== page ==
After I had finished the sanding there was some splitting in the wood happening as it was still a little green so I started filling it with some resin and waited for it to dry.  After a day or so it was cracked some more so I filled it some more.  This went on for several days until I decided that I would never end up filling all the cracks and knocked out the resin and sanded back the crack to make it a feature.


I then painted a Black Japan stain onto the outside to give it a point of difference which I am happy with and hence the name seed pod. I finished it off with some wax on the outside and oil on the inside.

Carving An Easter Bunny From A Tree Trunk Using The TURBO Plane
This woodworking project of carving an Easter bunny from a tree trunk is courtesy of Arbortech’s German dealer/distributor, Bengs.


This is a translated version from the original German version.


Read on to see a guide on how to create this Easter bunny project and also watch the video of the project in progress.


The shape of the Easter Bunny is very simple so that is also for a beginner with no experience in carving sculptures feasible.


Arbortech Tools Used:


For German customers, you can purchase Arbortech tools here.


For Australian, US and international customers, Arbortech tools are available here.


Project Completion Time:  2 hours


As the material we use this time a trunk made of wood. It is advantageous if the timber is already dry otherwise the rabbit could get through the drying cracks later. The log used by us was still very fresh and very humid. The log should be initially divided by pencil marks in four areas.
  • Base
  • Hull of the Rabbit
  • Head
  • Ears


Now, it is advisable to individually edit each view. I’ve been using the Arbortech TURBO Plane started to carve the back part, and then the page views was made ​​and at the end of the front view. Thus, at some point A square hare. By doing so, you can very well correct and check if it looks good, the shape of hares. If you are happy with all views, the edges are broken and you can set individual body parts molding.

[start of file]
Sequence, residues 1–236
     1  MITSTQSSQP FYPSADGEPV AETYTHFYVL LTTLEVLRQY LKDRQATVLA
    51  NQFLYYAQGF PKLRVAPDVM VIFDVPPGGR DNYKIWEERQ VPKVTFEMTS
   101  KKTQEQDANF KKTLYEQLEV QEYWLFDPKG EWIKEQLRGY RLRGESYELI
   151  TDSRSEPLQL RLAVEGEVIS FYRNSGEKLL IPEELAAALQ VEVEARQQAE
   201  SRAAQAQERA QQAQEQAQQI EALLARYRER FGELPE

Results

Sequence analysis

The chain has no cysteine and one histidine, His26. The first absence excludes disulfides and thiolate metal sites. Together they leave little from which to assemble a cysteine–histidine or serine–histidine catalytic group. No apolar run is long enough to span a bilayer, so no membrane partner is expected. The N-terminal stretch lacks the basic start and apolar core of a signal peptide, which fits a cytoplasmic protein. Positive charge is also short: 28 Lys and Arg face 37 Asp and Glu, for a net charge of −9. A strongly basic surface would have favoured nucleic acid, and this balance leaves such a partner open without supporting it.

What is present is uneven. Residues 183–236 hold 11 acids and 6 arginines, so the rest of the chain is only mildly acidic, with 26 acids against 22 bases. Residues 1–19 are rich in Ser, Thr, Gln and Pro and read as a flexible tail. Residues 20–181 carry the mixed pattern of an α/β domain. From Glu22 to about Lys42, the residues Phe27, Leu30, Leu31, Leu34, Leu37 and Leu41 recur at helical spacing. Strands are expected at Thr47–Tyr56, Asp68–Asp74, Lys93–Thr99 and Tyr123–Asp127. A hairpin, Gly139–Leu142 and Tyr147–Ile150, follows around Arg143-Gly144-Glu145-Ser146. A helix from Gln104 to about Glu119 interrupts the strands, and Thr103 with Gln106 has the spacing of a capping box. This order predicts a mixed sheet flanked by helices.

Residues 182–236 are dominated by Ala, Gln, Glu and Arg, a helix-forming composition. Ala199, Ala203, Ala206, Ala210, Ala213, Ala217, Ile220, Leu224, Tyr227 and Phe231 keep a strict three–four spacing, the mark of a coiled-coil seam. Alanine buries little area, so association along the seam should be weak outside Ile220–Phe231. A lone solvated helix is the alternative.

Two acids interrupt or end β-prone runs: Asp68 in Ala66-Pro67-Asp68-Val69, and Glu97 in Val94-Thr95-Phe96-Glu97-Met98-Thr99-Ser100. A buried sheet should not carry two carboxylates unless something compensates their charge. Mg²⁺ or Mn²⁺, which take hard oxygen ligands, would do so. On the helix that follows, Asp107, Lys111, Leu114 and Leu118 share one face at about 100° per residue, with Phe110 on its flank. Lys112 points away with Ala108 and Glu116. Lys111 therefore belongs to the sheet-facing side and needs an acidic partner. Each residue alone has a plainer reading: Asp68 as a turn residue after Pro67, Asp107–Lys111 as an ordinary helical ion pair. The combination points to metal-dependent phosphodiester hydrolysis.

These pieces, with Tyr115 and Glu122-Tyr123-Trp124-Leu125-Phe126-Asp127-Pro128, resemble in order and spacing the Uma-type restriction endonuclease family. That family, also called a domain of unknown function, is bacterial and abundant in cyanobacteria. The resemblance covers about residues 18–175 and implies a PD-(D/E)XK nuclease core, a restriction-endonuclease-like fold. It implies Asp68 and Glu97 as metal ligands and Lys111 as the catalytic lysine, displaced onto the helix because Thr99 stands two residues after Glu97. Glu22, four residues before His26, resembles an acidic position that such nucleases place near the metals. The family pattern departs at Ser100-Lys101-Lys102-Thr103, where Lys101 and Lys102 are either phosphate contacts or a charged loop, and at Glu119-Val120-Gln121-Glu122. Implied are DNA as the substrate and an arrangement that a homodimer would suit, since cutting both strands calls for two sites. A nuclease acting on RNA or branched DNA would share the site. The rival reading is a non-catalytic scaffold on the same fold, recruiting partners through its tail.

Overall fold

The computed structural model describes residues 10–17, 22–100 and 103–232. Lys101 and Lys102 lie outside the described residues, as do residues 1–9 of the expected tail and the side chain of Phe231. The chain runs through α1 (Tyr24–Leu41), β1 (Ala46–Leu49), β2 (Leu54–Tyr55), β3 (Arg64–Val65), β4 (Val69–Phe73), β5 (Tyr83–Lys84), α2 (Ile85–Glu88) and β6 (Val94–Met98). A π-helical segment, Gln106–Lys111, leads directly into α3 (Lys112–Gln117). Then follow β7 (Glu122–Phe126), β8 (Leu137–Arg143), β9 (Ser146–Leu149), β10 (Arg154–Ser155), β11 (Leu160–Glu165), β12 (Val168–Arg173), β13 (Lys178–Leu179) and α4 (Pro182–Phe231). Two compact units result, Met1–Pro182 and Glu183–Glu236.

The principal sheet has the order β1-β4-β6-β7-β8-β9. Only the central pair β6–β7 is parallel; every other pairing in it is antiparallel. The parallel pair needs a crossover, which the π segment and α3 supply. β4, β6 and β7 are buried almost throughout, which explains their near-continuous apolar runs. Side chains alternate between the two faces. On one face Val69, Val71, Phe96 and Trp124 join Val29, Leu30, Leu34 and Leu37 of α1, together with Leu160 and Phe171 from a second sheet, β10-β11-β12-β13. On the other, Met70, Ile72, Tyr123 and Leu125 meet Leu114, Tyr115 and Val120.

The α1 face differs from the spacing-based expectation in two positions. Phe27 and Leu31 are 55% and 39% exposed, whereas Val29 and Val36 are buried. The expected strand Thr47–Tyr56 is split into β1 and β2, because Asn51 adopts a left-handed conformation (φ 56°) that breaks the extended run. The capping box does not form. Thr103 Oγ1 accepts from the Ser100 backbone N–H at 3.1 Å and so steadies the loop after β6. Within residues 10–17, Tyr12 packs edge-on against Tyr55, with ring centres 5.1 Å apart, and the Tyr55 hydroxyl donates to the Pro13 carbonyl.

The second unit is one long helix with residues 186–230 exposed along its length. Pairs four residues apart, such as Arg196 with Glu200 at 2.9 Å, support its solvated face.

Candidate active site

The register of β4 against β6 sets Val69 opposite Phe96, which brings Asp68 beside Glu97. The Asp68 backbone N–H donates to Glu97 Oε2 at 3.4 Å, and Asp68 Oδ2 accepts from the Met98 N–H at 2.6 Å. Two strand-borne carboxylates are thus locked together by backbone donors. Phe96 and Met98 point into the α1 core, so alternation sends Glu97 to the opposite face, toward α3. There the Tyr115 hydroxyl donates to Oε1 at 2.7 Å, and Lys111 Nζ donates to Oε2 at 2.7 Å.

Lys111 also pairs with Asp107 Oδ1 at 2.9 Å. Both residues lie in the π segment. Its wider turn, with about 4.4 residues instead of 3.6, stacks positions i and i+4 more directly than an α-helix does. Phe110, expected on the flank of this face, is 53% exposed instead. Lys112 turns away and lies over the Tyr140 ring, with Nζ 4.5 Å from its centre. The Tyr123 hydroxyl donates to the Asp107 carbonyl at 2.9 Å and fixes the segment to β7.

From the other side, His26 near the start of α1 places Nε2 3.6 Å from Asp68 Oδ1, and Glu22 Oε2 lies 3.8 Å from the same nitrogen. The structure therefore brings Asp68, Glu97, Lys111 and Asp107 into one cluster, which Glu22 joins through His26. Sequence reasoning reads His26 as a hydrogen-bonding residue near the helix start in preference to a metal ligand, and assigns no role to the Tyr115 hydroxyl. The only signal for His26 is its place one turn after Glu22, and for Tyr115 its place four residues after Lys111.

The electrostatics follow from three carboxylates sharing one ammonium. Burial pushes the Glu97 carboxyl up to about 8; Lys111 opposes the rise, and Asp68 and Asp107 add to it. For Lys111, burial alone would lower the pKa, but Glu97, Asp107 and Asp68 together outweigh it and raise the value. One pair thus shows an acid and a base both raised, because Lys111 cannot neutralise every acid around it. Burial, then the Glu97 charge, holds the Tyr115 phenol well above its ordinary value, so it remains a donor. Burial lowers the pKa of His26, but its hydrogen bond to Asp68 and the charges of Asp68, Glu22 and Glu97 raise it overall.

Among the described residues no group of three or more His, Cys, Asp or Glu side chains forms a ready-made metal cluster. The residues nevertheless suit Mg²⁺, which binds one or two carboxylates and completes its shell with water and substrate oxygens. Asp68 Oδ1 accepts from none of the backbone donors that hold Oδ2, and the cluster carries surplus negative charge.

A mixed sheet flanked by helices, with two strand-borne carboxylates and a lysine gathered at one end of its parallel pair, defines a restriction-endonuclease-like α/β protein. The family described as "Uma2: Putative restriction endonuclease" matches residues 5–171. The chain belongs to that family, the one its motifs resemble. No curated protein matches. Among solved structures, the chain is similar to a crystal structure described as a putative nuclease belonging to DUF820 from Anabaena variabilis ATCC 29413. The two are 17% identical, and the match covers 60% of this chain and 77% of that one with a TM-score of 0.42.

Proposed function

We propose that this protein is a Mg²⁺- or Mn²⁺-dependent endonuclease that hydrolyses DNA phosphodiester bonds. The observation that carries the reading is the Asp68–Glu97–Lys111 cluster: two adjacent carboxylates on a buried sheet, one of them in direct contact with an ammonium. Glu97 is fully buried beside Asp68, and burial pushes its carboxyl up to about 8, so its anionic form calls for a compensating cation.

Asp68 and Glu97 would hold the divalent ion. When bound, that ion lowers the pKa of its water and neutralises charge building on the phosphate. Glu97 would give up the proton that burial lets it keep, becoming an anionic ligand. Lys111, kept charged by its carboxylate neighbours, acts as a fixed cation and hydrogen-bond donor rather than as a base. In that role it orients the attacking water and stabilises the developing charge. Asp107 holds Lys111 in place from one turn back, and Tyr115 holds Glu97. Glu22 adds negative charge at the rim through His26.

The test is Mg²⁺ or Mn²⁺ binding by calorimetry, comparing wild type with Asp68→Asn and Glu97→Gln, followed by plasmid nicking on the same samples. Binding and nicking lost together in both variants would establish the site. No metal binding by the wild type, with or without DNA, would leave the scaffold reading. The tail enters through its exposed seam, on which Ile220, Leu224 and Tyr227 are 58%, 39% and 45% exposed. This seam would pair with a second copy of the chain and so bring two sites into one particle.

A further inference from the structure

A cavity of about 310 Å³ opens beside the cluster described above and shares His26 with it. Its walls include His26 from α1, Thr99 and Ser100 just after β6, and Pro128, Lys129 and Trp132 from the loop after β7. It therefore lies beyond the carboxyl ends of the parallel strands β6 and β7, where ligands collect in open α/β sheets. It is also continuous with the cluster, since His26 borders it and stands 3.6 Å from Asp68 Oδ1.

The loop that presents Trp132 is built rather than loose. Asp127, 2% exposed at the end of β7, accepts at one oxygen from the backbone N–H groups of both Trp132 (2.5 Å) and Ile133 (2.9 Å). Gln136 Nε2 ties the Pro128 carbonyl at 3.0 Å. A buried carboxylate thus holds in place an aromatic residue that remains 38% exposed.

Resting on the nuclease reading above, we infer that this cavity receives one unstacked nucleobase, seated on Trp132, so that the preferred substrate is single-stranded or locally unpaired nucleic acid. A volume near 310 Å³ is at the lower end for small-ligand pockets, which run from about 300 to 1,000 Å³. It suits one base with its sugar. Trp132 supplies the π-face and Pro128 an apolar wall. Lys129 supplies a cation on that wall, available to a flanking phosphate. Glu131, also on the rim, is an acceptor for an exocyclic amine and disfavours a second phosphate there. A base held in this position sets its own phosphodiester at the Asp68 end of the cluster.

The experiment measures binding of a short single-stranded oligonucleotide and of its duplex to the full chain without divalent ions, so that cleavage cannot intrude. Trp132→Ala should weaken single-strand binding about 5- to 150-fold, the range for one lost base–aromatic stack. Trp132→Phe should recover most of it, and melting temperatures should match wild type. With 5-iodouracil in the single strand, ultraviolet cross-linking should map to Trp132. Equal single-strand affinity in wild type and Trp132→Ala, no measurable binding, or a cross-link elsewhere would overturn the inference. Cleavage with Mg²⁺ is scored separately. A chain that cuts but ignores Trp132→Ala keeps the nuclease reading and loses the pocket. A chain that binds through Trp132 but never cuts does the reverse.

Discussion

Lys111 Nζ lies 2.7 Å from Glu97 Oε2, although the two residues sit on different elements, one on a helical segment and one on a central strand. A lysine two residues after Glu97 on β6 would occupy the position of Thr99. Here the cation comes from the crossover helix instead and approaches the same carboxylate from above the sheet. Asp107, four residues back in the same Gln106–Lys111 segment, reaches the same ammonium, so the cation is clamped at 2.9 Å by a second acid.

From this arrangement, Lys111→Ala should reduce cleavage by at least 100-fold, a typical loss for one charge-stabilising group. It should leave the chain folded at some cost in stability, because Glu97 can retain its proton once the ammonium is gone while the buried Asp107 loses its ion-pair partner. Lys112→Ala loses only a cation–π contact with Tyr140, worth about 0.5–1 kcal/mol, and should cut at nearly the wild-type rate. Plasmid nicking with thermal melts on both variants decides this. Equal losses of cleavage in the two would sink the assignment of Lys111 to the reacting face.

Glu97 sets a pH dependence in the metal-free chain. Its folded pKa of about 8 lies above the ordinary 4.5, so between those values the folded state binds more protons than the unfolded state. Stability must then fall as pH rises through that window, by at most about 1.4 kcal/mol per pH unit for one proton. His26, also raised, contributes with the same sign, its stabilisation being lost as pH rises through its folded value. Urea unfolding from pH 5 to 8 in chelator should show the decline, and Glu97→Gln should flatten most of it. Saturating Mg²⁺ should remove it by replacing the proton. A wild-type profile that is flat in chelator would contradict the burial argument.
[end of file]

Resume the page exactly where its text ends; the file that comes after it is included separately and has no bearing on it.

The ears I have done as a precaution the very end because I was worried that you could give me to cancel it by mistake. With the Industrial Woodcarver the shape of the ears will end up caught up and removed the connector between the two spoons. The Woodcarver is also well suited to shape the ears. The delicate ears I then worked up by Arbortech TURBO Plane. Since the TURBO Plane cutter disk is not only suitable for rough work but also for fine finishing work was also this work slight of hand. As a last resort, we could not indicated by the Industrial Wood Carver front and rear paws.
Finish the decoration is Easter Bunny!


Click on the image to watch the video of this project below.

The Arbortech TURBO Plane is reviewed by Bob Duncan in the Fall 2014 issue of Woodcarving Illustrated Magazine.

Bob says about the TURBO Plane; “When I first tried the TURBO Plane, I set my feet firmly, grabbed the grinder, braced my shoulders and wrists, and applied the tool to the wood. I was pleasantly surprised at how little resistance I felt as wood sliced off the blank. This tool moves wood without causing wrist, arm and shoulder fatigue.”


Read the article HERE.



Woodworking Project: Mustache Clock Using the Arbortech Power Chisel & Mini-TURBO